The problem: A temporarily patched hole in Lauraville grows larger as time passes.
The back story: After at least six calls to 311 within five months about a hole that opened near a storm drain in the 2600 block of Goodwood Road, Anna L. Brown was fed up.
A small gap appeared between the concrete alley and the road in the spring, and Brown saw it every day as she drove down the residential street leading out of her neighborhood.
She called 311, and the operator gave her a confirmation number. She called again to get a status update and was told that the city's Department of Public Works would make repairs, and then asphalt would be laid.
Eventually, steel plates covered the growing hole, accessorized with some asphalt patches and piles of wooden boards.
Brown called several more times in July, was given more numbers and at one point was told the request had been closed. Finally, she contacted Watchdog and a staffer in her councilman's office.
"The 'temporary fix' seems to be considered the permanent solution by those charged with responsibility for repair," Brown wrote in her e-mail.
Dave Tischner, who can see the hole from his house, said it was hard to leave the windows open during the summer heat because of the raw sewage smell as well as the "boom-boom-boom" noise from vehicles passing over the plates. "All you hear is the metal," he said.
Tischner, who said he also called 311 several times, said operators recommended he contact his councilman's office.
Kurt Kocher, a spokesman for the Department of Public Works, said the problem stemmed from two issues: a backlog of work and communication lapses.
Initially there was a sewer problem at that location that was repaired within a week in May, he said. When they were done, the sewer crews left the wooden boards, and they shouldn't have, Kocher said. They were removed Thursday, he said.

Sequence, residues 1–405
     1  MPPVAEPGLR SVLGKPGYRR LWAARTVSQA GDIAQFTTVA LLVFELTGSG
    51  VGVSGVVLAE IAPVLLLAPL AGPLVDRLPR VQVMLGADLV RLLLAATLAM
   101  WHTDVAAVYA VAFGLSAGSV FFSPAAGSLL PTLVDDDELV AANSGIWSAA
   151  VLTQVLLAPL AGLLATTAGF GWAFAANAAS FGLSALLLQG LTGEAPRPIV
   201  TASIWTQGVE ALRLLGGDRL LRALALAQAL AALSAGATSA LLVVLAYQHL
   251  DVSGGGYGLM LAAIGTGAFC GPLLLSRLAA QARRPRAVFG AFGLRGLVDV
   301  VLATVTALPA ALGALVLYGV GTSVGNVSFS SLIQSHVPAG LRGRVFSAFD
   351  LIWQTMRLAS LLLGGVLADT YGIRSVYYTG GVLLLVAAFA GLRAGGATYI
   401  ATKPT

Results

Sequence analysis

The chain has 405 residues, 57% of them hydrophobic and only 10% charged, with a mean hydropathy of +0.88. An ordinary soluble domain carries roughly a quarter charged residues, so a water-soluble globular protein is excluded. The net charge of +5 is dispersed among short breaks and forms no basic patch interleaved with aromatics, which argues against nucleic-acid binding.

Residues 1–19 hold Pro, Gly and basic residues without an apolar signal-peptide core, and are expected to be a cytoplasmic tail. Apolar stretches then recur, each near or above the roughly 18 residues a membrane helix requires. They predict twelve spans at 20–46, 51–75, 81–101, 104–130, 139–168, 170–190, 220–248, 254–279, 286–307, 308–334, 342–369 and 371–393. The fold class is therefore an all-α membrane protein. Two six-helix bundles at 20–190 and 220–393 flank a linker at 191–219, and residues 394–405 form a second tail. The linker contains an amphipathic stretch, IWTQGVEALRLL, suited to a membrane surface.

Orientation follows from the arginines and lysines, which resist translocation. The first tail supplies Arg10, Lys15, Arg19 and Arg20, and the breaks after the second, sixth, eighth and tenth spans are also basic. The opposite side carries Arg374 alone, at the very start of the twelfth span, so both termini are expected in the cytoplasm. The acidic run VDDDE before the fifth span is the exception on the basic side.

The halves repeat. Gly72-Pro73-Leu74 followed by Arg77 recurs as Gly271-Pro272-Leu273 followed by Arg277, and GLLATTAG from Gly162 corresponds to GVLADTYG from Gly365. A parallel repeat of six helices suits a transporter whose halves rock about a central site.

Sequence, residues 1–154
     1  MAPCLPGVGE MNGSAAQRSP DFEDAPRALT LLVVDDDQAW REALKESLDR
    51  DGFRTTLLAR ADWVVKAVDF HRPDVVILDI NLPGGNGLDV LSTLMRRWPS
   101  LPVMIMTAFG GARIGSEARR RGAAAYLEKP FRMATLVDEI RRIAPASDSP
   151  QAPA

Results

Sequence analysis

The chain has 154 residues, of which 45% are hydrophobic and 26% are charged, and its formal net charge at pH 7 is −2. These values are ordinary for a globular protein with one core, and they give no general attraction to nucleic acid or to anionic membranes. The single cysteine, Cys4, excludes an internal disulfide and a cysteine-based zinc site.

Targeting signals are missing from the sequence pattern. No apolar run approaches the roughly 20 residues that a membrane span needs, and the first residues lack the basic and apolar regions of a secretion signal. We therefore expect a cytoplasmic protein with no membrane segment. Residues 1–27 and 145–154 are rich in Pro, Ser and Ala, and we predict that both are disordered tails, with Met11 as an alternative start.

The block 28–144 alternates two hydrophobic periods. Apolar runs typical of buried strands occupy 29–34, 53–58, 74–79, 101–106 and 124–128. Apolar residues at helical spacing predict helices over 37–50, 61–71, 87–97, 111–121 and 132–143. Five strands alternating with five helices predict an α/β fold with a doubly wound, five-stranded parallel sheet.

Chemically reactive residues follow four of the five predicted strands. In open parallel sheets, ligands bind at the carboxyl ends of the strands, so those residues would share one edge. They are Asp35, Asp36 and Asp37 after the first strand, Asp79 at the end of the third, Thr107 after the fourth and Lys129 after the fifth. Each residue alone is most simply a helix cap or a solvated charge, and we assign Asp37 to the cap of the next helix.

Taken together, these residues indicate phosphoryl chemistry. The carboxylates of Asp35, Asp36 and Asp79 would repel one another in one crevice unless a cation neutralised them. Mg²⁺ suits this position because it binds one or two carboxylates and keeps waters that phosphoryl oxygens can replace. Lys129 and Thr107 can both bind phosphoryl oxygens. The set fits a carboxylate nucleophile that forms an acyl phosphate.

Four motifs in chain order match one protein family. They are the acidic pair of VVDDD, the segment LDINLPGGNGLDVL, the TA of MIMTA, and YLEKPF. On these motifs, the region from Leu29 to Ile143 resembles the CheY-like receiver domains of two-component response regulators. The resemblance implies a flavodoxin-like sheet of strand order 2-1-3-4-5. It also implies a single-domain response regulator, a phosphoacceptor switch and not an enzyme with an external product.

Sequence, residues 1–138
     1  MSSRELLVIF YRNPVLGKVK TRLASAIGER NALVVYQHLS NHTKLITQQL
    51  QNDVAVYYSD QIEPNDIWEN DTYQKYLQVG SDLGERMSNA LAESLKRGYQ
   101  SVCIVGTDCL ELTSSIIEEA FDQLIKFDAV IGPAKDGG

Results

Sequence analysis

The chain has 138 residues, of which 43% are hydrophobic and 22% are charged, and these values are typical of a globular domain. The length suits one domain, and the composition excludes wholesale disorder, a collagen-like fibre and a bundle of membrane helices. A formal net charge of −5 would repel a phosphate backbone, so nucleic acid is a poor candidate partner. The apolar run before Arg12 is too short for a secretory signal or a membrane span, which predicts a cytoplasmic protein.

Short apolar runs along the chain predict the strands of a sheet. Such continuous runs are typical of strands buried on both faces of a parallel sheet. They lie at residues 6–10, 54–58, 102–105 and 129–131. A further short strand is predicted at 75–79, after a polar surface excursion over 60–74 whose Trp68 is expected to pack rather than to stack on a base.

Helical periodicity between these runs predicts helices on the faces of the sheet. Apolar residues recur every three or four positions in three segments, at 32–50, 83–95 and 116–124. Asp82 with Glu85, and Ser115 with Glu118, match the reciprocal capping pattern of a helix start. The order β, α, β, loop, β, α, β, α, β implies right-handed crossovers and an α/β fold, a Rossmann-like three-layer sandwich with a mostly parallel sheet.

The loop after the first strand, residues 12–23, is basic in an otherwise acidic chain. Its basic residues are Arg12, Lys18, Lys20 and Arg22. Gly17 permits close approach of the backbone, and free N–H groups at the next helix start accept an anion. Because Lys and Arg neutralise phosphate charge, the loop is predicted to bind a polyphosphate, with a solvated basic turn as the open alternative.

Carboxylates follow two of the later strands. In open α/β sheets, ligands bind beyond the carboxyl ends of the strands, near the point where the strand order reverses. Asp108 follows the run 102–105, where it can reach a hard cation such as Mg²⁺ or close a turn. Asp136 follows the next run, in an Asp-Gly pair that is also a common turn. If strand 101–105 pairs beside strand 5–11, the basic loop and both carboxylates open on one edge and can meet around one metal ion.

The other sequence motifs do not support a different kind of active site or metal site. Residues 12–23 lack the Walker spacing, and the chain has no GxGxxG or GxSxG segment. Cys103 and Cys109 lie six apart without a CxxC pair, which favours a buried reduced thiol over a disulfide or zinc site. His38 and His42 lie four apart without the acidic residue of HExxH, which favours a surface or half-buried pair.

However, before the sewer crews finished, they noticed a broken storm drain connection and notified storm drain crews.
And that's why the plates appeared to languish. There is a backlog of storm drain repairs because workers usually can complete only one repair per day. Of 160 open cases, DPW referred 25 jobs to contractors within the past month to reduce the wait, he said.
Kocher said DPW officials are reviewing the process to make storm drain repair crews more efficient, including training more staff in additional skills and using heavy-grade plywood inserts that can be bolted into place instead of steel plates that have to be delivered on a special truck.
Neighbors' confusion could have been mitigated if staff had updated 311 about the delay, the spokesman said. It also would have helped if workers had distributed communication cards and door hangers to nearby residents with information about the nature of the work and the estimated completion time, Kocher said.
But the good news for Goodwood Road is that crews were scheduled to begin their repairs Friday afternoon and were expected to be completed by midweek.
Who can fix this: James Patrick, general superintendent, Baltimore Department of Public Works. 410-396-3061. City residents should call 311 to report problems.
— Liz F. Kay
Is there something in your neighborhood that's not getting fixed? Tell us where the problem is and how long it's been there by e-mailing email@example.com or calling 410-332-6735.